College Courses & The Virtual Festival

Extra Credit Options for Using the Dodge Poetry Festival in a College Course

As instructors, we know that transfer of knowledge often begins when students get hands-on experience and connect personally to a topic or text. Now with virtual or hybrid learning taking place, everyone has come to find the value of in-person and hands-on experience. Right now, teachers and professors all over are trying to build content into their classrooms to still make the classroom interactive and engaging.

Luckily, the Dodge Poetry Festival is virtual this year too, meaning students and professors alike have more access to readings, conversations, and other great content right from their homes or classrooms.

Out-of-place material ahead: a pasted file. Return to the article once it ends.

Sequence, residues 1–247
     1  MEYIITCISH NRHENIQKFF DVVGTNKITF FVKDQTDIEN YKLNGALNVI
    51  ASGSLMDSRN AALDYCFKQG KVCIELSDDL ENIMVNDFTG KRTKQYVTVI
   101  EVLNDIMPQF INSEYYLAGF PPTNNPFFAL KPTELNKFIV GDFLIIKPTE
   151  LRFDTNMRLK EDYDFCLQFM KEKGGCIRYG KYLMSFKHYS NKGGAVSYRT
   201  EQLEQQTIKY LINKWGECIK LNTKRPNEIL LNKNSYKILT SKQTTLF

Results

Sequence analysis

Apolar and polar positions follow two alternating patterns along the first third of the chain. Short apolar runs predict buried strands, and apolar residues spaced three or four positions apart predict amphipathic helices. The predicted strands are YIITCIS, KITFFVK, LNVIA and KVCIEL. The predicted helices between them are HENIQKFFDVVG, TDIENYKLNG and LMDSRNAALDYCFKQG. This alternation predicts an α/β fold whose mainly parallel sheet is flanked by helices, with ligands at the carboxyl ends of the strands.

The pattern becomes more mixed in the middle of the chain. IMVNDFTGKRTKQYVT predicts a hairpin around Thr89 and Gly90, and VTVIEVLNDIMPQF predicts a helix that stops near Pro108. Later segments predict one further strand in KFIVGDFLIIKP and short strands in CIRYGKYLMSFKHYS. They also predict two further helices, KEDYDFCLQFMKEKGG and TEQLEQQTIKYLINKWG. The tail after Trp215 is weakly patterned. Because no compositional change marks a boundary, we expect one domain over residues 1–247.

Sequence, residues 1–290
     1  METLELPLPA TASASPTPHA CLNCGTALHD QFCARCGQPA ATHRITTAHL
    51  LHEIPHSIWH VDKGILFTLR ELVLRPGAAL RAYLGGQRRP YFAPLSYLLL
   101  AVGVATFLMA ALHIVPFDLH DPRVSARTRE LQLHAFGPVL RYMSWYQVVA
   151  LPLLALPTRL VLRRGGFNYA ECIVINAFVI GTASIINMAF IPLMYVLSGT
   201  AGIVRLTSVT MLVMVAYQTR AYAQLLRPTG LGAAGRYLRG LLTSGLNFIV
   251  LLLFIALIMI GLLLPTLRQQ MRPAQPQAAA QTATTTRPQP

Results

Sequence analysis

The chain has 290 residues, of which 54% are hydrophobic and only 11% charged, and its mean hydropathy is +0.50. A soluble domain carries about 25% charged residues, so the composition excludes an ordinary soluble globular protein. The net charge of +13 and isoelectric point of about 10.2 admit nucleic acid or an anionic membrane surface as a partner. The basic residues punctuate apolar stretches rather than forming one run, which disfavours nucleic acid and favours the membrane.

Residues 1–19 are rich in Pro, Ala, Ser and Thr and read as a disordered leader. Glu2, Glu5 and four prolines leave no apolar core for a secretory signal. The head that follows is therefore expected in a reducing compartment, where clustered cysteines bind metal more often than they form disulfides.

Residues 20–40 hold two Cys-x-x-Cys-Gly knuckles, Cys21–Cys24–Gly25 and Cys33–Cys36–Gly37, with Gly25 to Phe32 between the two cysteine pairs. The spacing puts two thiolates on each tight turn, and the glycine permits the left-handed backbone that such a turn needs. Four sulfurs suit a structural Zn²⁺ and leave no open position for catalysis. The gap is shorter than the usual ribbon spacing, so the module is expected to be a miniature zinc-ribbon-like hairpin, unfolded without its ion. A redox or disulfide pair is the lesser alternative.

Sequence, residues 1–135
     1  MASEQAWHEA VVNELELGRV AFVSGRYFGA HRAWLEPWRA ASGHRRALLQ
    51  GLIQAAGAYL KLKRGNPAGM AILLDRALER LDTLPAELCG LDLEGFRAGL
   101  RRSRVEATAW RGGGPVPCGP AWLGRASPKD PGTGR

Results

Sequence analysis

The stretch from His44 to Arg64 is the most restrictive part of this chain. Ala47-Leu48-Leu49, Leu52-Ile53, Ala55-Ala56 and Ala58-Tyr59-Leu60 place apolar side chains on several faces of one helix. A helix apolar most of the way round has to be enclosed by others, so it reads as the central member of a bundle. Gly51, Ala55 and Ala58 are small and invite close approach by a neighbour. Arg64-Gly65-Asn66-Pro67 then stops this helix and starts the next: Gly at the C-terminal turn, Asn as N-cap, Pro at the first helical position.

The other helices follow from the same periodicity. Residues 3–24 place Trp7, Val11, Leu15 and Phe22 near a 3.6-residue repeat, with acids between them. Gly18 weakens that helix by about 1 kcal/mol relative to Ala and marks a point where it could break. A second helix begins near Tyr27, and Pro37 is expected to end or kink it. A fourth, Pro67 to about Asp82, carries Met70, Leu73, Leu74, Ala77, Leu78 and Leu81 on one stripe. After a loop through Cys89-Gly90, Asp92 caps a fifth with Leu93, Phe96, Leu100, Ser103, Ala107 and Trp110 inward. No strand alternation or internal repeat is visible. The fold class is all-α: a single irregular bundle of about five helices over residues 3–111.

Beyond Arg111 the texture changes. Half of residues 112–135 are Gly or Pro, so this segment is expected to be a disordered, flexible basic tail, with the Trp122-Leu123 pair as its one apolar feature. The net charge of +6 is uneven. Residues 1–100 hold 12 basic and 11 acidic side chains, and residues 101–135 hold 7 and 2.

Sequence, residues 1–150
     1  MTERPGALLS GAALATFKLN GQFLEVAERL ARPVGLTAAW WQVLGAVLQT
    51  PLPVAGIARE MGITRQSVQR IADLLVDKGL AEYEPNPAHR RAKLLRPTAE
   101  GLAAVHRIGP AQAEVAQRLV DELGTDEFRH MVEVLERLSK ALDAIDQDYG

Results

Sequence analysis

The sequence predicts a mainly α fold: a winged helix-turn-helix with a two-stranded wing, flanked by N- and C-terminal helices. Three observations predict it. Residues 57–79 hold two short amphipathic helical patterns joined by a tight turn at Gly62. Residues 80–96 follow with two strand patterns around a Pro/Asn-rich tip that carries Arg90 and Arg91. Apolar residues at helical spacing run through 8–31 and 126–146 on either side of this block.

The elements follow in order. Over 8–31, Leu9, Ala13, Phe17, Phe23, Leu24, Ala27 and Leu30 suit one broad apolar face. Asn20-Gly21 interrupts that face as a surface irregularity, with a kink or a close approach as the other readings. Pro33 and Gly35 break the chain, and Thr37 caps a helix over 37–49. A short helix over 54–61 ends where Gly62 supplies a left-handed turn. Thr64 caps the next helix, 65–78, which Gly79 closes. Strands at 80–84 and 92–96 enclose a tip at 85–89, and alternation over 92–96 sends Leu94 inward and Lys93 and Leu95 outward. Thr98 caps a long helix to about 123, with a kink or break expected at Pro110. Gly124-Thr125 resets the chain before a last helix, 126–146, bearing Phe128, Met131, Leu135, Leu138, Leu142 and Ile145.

Through our live streaming and live chats, students can still experience a live literature event with engaging and diverse speakers, making this an ideal resource for any college course.

Our new virtual setting also allows the opportunity for more dates and times for these events to better fit with class schedules.

The Festival, which is typically a four-day event, will now be running from Oct. 22 to Nov. 1. Need more good news? Live streaming of the events will be free! Any on-demand services to view content anyone might have missed will be available too, and we only ask people to pay what they can for this resource.

If you already have a tight syllabus and can’t include live streaming during class time but still want to incorporate it into your syllabus, consider making attendance at the virtual Festival count as extra credit in your course.